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Wartzman v. Hightower Productions, Ltd

    Brief Fact Summary. A corporation could not achieve its stated purpose because it was not properly structured due to the negligence of its attorney.

    Synopsis of Rule of Law. In the event of a breach of contract, damages for expenses incurred in reliance on the contract are recoverable, less any loss that would have resulted if the contract had been performed.

    Facts. The Appellee, Hightower Productions, Ltd. (Appellee), was formed for the purpose of breaking the Guinness World Record for flagpole sitting. The Appellee hired the Appellant, Paul Wartzman (Appellant), as a lawyer to incorporate the venture. The Appellee informed the Appellant that it needed to sell stock to raise the funds necessary to finance the project. After the Appellee began selling the stock, the Appellant informed the Appellee that the corporation was “structured wrong” and was not properly authorized to sell stock. The Appellee also advised the Appellant to retain a securities attorney to correct the problem, which would cost approximately ten to fifteen thousand dollars. The Appellee’s shareholders elected to abandon the project. The Appellee then filed suit on breach of contract and negligence grounds seeking damages for expenses incurred in reliance of the contract, including the promotors’ initial investments, shareholders’ investments, outstanding liabilities, l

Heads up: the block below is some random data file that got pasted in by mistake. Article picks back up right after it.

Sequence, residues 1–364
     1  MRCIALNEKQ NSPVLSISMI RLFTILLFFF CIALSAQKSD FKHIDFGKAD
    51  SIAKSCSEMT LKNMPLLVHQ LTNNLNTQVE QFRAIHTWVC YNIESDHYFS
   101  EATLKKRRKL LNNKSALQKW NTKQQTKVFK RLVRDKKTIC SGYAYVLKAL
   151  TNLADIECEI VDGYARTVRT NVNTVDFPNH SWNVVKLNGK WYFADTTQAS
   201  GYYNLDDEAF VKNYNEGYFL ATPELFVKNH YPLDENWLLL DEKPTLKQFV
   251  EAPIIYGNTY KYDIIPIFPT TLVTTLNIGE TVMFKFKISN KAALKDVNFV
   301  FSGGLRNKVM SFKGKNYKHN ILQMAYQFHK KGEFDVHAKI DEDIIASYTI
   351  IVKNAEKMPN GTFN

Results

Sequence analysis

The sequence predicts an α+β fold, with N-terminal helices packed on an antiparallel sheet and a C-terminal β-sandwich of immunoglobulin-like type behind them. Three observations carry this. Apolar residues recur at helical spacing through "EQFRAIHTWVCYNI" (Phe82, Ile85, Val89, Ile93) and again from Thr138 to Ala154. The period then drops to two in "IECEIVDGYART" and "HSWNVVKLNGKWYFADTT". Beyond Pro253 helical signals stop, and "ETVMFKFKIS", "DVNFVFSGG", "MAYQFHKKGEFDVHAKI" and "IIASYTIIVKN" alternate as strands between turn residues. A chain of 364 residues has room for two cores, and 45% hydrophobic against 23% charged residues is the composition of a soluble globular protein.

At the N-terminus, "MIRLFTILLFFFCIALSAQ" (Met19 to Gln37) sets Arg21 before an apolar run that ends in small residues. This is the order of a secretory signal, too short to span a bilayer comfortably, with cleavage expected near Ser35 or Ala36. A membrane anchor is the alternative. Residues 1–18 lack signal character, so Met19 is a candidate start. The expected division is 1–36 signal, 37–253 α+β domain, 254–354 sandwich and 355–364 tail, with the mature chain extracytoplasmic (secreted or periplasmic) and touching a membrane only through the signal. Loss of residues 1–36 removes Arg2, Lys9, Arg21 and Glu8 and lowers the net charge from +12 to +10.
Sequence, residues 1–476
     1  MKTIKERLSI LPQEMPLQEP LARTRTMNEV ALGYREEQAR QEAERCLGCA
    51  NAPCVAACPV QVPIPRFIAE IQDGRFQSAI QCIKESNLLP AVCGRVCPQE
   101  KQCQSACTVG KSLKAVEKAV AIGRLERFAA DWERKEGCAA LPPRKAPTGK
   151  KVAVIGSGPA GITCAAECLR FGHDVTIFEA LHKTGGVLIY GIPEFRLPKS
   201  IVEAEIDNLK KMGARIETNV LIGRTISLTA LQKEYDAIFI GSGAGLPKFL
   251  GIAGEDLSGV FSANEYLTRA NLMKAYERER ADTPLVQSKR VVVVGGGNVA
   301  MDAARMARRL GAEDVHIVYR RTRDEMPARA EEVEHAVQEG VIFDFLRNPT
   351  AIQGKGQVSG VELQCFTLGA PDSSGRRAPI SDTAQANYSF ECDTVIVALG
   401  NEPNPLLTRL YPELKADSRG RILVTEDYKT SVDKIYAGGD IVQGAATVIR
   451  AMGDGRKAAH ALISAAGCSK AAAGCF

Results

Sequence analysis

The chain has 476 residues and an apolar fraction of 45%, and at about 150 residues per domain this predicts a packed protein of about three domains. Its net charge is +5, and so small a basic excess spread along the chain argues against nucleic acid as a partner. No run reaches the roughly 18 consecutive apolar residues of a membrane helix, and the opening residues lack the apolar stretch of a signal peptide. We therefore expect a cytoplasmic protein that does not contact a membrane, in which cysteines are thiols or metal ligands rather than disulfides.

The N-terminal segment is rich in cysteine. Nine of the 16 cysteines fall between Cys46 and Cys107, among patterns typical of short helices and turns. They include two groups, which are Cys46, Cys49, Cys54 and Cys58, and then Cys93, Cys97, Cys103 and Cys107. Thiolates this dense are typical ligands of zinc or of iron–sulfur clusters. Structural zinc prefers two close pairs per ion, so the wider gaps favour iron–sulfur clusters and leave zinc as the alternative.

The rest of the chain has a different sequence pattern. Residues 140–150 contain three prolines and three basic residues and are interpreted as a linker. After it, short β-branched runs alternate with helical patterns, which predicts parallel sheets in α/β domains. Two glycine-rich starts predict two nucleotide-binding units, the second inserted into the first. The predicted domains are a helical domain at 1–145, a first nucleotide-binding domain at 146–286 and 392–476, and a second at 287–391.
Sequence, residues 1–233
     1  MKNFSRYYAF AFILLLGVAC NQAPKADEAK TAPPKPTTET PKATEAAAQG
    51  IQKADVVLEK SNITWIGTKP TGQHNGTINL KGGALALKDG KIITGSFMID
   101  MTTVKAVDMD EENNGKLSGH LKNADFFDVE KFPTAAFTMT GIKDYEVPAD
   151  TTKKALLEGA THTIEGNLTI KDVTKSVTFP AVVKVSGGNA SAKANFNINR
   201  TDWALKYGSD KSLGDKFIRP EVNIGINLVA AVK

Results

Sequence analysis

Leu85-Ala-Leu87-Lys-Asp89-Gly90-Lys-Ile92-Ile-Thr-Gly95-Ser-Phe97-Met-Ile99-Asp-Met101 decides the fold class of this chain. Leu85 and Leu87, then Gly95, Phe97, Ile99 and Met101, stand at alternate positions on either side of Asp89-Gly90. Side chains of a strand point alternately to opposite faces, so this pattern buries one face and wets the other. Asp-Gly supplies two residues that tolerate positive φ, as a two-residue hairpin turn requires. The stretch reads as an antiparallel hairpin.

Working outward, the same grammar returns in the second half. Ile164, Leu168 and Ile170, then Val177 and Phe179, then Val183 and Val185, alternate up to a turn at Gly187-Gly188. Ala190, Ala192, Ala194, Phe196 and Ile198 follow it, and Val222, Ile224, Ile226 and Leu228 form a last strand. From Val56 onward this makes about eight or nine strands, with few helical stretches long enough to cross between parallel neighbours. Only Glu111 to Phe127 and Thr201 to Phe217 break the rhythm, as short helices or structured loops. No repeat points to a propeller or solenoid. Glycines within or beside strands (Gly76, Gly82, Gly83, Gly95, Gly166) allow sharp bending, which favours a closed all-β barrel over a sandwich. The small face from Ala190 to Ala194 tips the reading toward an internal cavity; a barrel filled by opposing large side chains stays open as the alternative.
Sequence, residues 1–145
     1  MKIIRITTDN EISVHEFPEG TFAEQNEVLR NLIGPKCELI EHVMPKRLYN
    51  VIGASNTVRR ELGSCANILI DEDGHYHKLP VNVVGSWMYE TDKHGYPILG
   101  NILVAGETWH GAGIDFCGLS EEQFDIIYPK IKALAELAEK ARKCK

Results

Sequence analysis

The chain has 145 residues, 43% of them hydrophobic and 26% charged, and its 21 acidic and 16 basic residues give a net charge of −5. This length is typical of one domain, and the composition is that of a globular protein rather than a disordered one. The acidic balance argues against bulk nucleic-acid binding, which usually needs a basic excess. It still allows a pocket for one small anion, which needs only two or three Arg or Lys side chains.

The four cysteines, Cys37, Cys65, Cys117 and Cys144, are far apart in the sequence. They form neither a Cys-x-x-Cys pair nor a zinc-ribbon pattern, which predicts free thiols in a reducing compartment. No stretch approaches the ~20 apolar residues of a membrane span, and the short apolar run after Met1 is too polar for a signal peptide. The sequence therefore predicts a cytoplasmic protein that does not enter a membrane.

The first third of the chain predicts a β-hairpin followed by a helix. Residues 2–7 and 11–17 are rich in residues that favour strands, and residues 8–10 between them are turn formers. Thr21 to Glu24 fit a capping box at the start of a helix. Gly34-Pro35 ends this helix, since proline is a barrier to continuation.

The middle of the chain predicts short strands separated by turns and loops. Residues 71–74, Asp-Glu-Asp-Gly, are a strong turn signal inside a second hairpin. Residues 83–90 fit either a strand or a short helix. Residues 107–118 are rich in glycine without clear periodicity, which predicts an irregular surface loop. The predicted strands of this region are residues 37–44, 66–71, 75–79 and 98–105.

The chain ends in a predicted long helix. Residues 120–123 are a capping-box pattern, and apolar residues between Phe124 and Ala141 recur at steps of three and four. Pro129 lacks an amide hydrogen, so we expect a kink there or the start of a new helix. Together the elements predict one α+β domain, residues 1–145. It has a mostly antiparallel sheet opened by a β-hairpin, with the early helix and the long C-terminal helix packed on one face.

iability to talent consultants and accrued salaries to employees.

    Issue. If anticipated profits are speculative, are damages incurred in reliance on the contract recoverable?

    Held. Yes. Judgment affirmed. The Appellant was entitled to recover any loss that he incurred from relying upon the contract.

    Discussion. The court reasoned that in the instant case, the Appellant knew that the Appellee was dependent upon the ability to sell stock to finance the venture. Therefore, the nexus between the breach and the failure of the project was established. The court examined case law and the Restatement of Contracts to find that recovery of reliance damages is proper where lost profits are too uncertain to calculate. It noted that this doctrine is limited in cases where the breaching party can prove that the other party would have sustained greater loss if the contract had been performed. Furthermore, while generally a breaching party is liable only for those expenses that are a foreseeable result of a breach at the time the contract was made, these limitations do not apply to an attorney when his client is relying upon his skill and knowledge. Finally, the court reasoned that the Appellant was under no duty to mitigate its damages by hiring a security specialist because this would cost a
    substantial amount of money and parties are not obligated to mitigate damages by incurring large expenses. Also, the Appellant himself could have hired a specialist and chose not to do so.


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